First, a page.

In 1904 the merits of Hermann Beermann were honored as a representative of the community and the "Beermannstrasse", which was built at that time, was named in his honor. The commercial councilor and engineer Hermann Beermann, community representative from 1876, together with his brother Georg, owner of the factory for agricultural machines and work vehicles, iron foundry and steam hammer mill, which existed in Eichenstrasse until 1924. The Beermann brothers were Jews and for this reason, the Nazis in 1937/38 renamed Beermannstrasse to Mächtigstrasse, which was canceled after 1945. Hermann Mächtig was the garden director from 1877 to 1909, successor to the garden director Gustav Meyer. According to Gustav Myer's plans, he completed the planting and design of the Treptow Park.
Matthesstrasse was named in 1904 shortly after the death of Wilhelm Matthes, teacher and community representative, who founded the Treptow Volunteer Fire Brigade in 1894 and had done great work as a director.
The company achieved great economic importance through sales in Germany and export.
In 1913 the company employed 1.100 workers. It did not survive the First World War.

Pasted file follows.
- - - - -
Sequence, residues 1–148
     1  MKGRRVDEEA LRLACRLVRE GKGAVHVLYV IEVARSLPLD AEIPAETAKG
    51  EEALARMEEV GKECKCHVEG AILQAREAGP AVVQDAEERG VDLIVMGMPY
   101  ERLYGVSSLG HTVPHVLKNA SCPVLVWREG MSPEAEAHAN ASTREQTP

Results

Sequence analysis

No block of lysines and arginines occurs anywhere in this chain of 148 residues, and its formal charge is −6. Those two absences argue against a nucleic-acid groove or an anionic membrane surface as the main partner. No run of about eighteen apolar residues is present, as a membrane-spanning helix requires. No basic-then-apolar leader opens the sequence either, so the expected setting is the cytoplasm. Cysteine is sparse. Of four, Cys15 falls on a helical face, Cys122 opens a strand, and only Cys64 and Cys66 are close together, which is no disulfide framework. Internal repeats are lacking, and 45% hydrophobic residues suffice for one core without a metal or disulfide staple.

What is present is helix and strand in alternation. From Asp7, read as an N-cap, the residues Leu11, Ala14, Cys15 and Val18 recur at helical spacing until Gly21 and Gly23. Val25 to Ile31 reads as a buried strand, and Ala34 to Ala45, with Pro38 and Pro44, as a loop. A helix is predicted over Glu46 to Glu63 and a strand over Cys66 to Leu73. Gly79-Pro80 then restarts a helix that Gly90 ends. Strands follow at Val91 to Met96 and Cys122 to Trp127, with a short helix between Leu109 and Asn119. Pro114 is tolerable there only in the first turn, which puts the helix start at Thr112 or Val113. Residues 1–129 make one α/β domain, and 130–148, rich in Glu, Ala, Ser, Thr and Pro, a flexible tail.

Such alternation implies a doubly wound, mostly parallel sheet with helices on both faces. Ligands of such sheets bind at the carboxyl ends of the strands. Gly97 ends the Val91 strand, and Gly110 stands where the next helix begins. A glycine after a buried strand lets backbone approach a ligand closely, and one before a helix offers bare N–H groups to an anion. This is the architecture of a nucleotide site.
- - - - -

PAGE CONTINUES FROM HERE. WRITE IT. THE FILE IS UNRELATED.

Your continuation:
In 1924 the factory hall, the so-called "Shedbau" (shed building), measured a length of 235 meters and a width of 48 meters. The Beermann factory was sold to the ABOAG. Allgemeine Berliner Omnibus AG (ABOAG) bought the company premises and set up a repair shop and a department for production of double-decker buses and single-decker buses and coach repairs.
In 1927 Construction of a 70 x 100 meters hall with a completely unsupported roof.
Source: Archives Heimatmuseum Berlin Treptow
(*) The German term Gründerzeit indicates an economic phase of Germany and Austria of the nineteenth century, which ended with the stock market crash of 1873. At that time the process of industrialization took place in Central Europe, the origins of which date back to the years forty of the nineteenth century (1840). For this reason, the beginning of the Gründerzeit period cannot be defined exactly. Certainly, in the years preceding the great crack of 1873 (in Germany after the victory of the Franco-Prussian war between 1870 and 1871, which led to a large influx of money in the form of war compensation from France), the development economic culminated in a great boom never known before.